Impractical Applications (The Backstory of Ormand and Lamora)

The last cross-backstorying I did was last week, for a three-person D&D game: the GM, my boyfriend, and me. We’d planned on playing characters who knew each other anyway, and then, two weeks before game started, the GM made a point of telling us how we’d be rewarded for good backstory.

Things to note on this: Neither of us was playing to strengths in this case. I’m pretty good with backstory, but usually I need to play a bit in a setting before I can write an in-depth backstory in it. My boyfriend works better once he’s had the character for a while; he usually writes about as much as the game mechanics and the GM will accept as the minimum, so this brought him a bit out of his usual patterns.

We started, of course, with the character dynamic. Since he’d been interested in something roguish, and I’d wanted to try playing a beguiler, we went for a mismatched pair of con artists, both emphasizing the social ends of our builds. Already friends, with a hint of playful rivalry, so we could go straight to messing with everyone else’s heads rather than a grace period messing with each other’s.

Given what we were, and that we were in a City of Powerful People Who Hate Changes To The Status Quo (I get the impression the GM has had klepto-rogue issues), I figured we might need a little bit of a safety net, and an IC reason to stay on the straight and narrow (and maybe a justification for where we’re picking up all our more esoteric skills). So I suggested we were brought together and trained by a quasi-retired spymaster.

Decent summary. Probably not enough for the prize, though. Our sponsor had to have found us somehow, and it would have helped if we’d been doing something that would demonstrate our potential and loose ethics—but not that would’ve gotten us in too much trouble. Something that wouldn’t leave us too resentful of each other. Somehow, what we ended up with was a prank war.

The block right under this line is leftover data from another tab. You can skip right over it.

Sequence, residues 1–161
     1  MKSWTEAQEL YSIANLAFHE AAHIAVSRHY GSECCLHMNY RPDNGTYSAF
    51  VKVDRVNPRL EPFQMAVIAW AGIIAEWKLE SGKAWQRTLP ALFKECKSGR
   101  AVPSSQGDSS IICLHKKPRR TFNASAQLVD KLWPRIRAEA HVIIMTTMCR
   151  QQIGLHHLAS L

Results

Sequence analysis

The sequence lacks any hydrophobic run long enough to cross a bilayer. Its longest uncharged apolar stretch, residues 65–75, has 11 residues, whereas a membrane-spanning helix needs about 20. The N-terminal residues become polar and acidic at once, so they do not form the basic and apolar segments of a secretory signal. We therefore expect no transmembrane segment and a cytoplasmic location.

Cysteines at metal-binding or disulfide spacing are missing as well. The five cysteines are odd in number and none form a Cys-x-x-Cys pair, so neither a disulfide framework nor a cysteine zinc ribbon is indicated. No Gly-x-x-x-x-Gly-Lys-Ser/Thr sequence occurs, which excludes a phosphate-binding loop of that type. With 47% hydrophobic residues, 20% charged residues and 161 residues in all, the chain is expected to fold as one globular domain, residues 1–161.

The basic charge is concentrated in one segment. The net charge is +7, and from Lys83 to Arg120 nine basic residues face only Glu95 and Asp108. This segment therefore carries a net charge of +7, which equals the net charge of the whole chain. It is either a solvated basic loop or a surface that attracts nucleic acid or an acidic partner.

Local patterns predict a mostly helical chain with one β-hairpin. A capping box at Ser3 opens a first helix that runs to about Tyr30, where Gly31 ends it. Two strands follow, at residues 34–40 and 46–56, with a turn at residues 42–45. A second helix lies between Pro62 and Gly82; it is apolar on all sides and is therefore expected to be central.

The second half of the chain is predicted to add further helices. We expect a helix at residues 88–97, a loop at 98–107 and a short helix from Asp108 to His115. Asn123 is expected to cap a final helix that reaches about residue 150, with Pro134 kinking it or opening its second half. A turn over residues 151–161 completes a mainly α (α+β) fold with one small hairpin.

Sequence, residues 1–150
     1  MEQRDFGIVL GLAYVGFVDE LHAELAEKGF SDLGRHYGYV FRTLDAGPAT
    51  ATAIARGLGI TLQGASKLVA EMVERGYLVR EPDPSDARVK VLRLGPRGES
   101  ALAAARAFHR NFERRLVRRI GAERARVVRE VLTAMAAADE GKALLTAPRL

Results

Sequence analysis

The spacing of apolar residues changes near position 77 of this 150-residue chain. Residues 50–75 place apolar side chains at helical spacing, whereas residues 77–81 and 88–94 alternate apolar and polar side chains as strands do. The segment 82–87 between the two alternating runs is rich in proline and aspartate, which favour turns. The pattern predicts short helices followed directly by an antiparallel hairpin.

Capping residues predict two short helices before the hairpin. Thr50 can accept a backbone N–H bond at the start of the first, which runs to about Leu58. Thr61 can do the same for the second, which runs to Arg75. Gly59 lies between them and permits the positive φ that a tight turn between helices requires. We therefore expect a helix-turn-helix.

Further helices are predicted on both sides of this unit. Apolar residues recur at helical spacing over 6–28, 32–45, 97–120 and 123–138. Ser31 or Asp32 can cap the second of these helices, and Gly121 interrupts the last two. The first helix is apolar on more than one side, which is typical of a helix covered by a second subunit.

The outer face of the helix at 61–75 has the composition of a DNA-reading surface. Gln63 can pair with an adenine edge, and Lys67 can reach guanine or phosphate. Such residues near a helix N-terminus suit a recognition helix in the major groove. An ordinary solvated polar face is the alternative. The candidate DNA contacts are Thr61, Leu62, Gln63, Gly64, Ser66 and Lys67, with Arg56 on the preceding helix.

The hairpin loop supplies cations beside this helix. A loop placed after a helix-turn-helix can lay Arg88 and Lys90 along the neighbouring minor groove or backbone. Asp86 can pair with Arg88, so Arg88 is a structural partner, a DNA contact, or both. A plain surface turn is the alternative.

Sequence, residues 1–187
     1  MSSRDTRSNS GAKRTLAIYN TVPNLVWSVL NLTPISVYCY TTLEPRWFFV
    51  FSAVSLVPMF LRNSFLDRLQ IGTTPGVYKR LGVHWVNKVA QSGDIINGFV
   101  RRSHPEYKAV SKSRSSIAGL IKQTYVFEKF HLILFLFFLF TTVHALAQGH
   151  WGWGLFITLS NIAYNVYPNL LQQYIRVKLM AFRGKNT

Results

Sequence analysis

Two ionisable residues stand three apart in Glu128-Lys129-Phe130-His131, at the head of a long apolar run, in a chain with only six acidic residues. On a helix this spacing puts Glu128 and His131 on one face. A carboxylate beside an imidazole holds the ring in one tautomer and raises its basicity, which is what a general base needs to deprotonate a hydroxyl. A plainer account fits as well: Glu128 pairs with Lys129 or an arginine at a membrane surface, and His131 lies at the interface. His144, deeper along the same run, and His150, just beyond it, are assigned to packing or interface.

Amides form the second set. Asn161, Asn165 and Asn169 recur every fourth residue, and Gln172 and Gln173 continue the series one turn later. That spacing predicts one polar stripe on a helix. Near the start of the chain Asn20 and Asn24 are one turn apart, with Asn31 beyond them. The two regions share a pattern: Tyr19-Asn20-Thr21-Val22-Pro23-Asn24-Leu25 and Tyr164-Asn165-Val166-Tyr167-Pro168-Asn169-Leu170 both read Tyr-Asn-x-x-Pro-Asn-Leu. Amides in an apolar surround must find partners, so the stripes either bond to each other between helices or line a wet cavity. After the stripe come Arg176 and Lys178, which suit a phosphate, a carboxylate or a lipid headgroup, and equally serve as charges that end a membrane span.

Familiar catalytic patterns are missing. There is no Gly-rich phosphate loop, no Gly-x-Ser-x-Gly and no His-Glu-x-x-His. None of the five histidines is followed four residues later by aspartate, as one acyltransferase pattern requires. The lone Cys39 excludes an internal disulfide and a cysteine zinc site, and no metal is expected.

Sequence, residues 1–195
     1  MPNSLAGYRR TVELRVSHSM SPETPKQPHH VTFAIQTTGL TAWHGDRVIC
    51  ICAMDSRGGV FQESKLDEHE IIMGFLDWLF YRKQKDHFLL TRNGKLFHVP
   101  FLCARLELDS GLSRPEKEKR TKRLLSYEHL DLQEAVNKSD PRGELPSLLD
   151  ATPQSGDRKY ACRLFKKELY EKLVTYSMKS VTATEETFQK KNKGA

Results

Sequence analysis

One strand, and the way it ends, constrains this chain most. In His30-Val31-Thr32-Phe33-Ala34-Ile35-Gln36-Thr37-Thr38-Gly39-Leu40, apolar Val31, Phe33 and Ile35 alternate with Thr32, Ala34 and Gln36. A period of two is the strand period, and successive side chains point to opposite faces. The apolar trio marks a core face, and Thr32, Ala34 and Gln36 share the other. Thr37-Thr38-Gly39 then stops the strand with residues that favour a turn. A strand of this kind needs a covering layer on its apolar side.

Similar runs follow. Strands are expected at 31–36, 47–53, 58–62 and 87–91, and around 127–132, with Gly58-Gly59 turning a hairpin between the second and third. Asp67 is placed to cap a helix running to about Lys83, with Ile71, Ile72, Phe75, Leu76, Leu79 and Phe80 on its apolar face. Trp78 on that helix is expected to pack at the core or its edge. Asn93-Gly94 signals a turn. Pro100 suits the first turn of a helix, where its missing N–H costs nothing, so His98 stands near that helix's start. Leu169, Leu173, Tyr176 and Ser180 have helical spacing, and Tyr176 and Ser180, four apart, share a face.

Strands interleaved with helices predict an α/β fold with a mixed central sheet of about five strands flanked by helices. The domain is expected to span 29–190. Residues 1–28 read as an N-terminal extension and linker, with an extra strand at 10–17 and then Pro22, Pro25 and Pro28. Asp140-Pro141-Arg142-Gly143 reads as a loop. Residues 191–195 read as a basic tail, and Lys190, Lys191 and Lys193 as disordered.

At that point, there were two sets of things we probably didn’t need to detail out, but did anyway. The first was our sponsor, Lady Astrid—I couldn’t see her as fully retired, as most of the local powerful people were, so we declared she was instead a spymaster in temporary retirement while she outlived one of her detractors. And not officially a spymaster, the reputation could be awkward, so—court astrologer, using her readings of the stars to justify setting courses that would otherwise have invited questions about what she knew when.

And the specific pranks? Those were mostly because it was funny to do so. I figured it’d started with my boyfriend’s character Ormand, since my Lamora would’ve gone straight into town playing innocent little gnome in the big city (a favored tactic for her), so he suggested that the first prank had been giving her directions to an upscale brothel when she asked where the inn was. Retaliation grew to include altering the plans for a recently commissioned tapestry to include carefully hidden insults to each other in obscure languages (both of them—and it being Astrid’s tapestry explained how she’d found them) and Lamora talking the city’s population of squirrels into stalking Ormand in exchange for nuts later.

Either way, we had fun.

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